Boston has become the second-largest city in the US to bar police and other local agencies from using facial recognition software (via WBUR). The city's 13-member council voted unanimously to ban the technology outside of use in specific criminal cases. The bill also prevents any city official from obtaining the technology through a third-party.
Done--13-0 Vote! Thank you @ACLU_Mass @Join_SIM @UnafraidBTU & everyone who organized to protect Boston residents from racially discriminatory & invasive face surveillance technology cc: @RicardoNArroyo https://t.co/SrLUTYHh2Q— Michelle Wu 吳弭 (@wutrain) June 24, 2020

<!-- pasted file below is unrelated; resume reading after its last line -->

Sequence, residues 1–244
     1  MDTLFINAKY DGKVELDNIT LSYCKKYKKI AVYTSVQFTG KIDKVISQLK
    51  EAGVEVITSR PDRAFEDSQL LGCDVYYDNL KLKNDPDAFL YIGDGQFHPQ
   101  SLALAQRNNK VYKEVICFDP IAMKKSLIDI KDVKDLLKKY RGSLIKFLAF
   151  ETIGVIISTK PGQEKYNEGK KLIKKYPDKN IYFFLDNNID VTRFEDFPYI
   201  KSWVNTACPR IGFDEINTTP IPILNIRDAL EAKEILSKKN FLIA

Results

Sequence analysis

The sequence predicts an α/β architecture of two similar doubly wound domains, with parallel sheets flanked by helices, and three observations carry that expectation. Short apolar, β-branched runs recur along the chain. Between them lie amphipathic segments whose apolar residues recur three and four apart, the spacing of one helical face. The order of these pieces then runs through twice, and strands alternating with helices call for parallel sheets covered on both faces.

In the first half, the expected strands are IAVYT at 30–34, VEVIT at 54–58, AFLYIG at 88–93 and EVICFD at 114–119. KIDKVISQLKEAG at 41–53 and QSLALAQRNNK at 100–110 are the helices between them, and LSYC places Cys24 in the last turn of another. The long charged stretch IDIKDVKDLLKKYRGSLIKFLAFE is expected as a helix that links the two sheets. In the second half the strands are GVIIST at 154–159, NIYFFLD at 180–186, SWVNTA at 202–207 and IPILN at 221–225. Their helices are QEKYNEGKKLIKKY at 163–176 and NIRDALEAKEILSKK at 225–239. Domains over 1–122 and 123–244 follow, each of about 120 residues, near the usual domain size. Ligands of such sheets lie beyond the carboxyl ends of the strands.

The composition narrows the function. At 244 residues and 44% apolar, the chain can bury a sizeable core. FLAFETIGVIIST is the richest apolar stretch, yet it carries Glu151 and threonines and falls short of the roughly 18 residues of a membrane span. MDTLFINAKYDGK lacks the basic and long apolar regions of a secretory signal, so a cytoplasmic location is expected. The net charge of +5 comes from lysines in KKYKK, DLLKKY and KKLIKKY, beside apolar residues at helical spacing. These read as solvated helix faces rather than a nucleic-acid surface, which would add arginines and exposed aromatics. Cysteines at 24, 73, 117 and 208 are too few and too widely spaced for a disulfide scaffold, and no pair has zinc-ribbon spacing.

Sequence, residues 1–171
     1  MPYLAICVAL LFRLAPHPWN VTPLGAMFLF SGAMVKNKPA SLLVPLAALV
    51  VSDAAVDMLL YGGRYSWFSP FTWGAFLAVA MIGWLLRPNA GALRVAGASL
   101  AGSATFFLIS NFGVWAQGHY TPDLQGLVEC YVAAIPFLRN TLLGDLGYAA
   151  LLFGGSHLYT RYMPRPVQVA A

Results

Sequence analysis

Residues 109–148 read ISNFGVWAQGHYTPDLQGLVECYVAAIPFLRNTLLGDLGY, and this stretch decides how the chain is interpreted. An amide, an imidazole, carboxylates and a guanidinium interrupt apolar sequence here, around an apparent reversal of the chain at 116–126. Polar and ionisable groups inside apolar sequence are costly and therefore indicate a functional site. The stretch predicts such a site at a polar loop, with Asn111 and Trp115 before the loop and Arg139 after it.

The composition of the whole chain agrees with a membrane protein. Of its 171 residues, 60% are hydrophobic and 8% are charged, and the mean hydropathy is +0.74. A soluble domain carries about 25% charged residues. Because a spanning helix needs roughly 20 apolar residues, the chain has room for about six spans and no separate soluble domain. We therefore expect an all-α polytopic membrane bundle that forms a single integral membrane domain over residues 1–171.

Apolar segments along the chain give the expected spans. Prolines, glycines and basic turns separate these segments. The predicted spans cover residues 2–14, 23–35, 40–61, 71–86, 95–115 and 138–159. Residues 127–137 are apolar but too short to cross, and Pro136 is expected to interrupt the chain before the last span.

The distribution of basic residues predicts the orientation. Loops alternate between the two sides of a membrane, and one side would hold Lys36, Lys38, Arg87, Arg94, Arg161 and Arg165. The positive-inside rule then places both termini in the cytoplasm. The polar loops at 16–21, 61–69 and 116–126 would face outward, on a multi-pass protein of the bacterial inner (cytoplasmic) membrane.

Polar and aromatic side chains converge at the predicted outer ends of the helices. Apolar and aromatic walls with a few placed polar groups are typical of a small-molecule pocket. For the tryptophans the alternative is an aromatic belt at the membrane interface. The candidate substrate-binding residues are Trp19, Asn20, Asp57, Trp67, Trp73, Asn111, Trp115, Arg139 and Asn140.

The bill was put forward in part to protect the city's minority residents. "Boston should not use racially discriminatory technology that threatens the privacy and basic rights of our residents," said councilor Michelle Wu, who co-sponsored the bill alongside councilor Ricardo Arroyo. Ahead of the vote, the two officials contested the technology is widely inaccurate at identifying people of color.